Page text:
Our work and that of others demonstrates LKB1 to be a requisite component of the transduction machinery underlying axon formation [4, 5] and other cell polarity hallmarks [10, 34]. Acute knockdown of STRADα with small hairpin RNAs (shRNAs) leads to dysregulated mTOR signaling in the CNS [35, 36], supporting the idea that STRADα is also an important regulator of nervous system function. Biochemical characterization of the LKB1: STRAD complex indicates that its formation is required for allosteric activation of LKB1 [7, 22, 31]. Previous neuronal loss-of-function studies have not distinguished between a requirement of LKB1 protein expression and kinase activity, but our in vivo data demonstrate that without these critical activator proteins, LKB1 is unable to elicit axon specification (Figure 3). We demonstrate that either STRAD protein is competent to drive axogenesis, and report the first in vivo physiological contribution of STRADβ.

It is important to note that previous studies evaluating STRADα function biochemically and cell biologically have often used the STRADα-1 form. Our results indicate that additional studies may be required to clarify the cellular context and specific roles of STRADα depending on which isoforms of the protein are normally expressed in a given cell type or tissue. It is possible that these amino-terminal variants of STRADα may affect recruitment of additional components to STRAD: LKB1 signaling complexes or result in alteration in localization or allosteric activation of LKB1, as previously suggested [23].

Furthermore, the increased apoptosis we observe following simultaneous inactivation of both STRAD genes provides another parallel with the LKB1 cKO [5] and suggests that allosteric activation of LKB1 plays a significant role in cell survival. This apoptosis likely results from failed axogenesis and subsequent loss of trophic support [5, 17] as indicated by studies using conditional LKB1 mice and the post-mitotic cre recombinase regulated by the NEX (NeuroD6/MATH2) promoter. Whether compromised axogenesis is the sole driver triggering this cell death remains unclear, but it is possible that additional survival pathways have also been affected by LKB1 or STRADα/β loss. Future studies exploring the nature and extent of this cell death, as well as the timing of its induction relative to when cortical axons encounter their intermediate and final targets should be of great value.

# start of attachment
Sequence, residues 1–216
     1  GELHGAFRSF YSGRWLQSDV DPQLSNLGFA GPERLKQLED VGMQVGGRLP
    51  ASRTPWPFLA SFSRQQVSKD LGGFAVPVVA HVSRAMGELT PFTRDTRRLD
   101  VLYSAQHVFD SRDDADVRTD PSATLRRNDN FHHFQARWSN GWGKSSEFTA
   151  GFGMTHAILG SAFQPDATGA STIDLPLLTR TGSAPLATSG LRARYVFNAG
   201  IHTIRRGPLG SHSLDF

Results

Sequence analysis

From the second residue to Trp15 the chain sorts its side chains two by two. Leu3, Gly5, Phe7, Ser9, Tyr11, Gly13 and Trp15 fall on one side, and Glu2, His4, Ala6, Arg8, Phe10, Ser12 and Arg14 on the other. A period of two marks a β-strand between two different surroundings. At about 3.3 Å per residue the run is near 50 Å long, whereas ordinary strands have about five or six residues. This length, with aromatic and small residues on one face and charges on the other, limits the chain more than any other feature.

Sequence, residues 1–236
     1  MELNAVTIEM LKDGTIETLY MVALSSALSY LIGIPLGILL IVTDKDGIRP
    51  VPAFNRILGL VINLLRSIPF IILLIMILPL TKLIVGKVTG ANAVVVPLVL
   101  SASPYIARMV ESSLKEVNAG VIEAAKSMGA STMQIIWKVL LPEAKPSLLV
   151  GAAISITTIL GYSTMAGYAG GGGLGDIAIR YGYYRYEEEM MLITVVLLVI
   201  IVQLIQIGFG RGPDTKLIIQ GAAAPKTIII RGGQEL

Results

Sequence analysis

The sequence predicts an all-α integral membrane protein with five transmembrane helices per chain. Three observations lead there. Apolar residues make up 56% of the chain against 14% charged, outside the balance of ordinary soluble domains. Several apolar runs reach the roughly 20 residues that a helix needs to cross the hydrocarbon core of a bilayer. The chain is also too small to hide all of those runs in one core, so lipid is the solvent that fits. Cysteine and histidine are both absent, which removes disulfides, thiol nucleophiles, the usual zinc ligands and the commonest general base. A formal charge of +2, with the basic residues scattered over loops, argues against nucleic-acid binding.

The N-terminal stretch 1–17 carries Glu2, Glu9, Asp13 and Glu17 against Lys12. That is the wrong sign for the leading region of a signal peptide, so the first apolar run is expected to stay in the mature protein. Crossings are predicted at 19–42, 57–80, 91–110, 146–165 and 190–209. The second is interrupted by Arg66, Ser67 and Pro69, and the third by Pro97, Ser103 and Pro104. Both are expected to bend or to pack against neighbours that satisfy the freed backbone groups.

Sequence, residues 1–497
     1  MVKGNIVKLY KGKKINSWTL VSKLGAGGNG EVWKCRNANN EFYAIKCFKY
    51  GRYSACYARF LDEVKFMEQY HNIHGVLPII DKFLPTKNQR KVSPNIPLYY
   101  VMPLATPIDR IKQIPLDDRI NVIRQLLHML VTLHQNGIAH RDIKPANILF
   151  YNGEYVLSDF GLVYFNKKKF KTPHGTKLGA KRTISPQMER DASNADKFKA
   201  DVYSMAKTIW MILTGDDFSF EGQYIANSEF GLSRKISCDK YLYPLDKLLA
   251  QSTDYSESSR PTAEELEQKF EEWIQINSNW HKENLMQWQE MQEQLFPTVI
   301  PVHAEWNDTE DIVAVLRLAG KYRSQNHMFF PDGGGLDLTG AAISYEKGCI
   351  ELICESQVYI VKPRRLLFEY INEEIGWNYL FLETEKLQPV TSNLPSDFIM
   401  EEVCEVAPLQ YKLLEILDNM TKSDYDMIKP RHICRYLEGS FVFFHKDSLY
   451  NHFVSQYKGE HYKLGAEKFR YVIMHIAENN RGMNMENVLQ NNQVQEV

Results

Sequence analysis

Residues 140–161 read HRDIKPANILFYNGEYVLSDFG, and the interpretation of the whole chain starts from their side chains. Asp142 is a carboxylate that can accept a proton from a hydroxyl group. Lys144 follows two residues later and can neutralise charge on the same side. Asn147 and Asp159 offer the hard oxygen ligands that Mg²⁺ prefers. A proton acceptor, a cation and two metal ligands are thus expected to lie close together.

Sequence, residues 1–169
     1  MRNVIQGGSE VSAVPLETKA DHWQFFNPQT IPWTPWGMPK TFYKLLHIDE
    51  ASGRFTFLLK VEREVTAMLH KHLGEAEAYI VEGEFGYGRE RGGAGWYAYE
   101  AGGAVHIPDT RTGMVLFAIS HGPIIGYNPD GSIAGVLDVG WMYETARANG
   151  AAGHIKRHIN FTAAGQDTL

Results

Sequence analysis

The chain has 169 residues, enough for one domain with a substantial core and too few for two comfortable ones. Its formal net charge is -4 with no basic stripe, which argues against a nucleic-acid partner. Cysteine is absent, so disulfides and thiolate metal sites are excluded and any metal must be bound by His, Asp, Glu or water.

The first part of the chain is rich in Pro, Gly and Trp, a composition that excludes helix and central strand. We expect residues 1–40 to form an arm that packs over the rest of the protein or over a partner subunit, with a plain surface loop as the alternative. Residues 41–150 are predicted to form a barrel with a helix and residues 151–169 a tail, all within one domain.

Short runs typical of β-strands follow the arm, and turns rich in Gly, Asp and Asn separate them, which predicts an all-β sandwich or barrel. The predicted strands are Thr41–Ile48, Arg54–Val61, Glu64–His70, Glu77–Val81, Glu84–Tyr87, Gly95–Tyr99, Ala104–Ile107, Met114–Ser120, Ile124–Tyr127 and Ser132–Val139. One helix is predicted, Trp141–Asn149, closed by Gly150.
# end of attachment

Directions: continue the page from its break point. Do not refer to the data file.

Our results also indicate that STRADα uniquely plays a significant role in stabilizing LKB1 protein levels in vivo and that this stabilizing effect arises in large part from the binding and sub-cellular localization conferred upon LKB1 by STRADα. This is consistent with a previous study mapping the STRAD-MO25 interaction using carboxy-terminal deletions of STRADα [6]; however, this study did not directly implicate the deleted carboxy-terminal NES. Interestingly, the ability to stabilize LKB1 is not potentiated by STRADα isoforms containing an additional NES, leaving open the role of the splicing-regulated amino terminal export signal. The nuclear localization of LKB1 also appears to be a vertebrate specialization, as invertebrate forms of LKB1 have been shown to localize to the cytoplasm and plasma membrane [37, 38] while mammalian LKB1 consistently displays a partially nuclear component (see Additional file 1: Figure S5, [32, 39]. This is the first report of regulated LKB1 and STRADα stability in vivo, expanding upon previous work in cultured cells [4, 2630]. The third component of the LKB1: STRAD complex, MO25, is not affected by the loss of either protein (see Additional file 1: Figure S4C), an interesting result given previous work demonstrating that shRNA-mediated MO25 knockdown led to a reduction in LKB1 protein levels [6]. It has recently been shown that MO25 is also a critical component in regulating the Mst and OSR1/SPAK family of kinases [22] and, thus, may be stabilized through interaction with these or other partner proteins, or may not be under the same regulatory mechanism targeting STRADα or LKB1.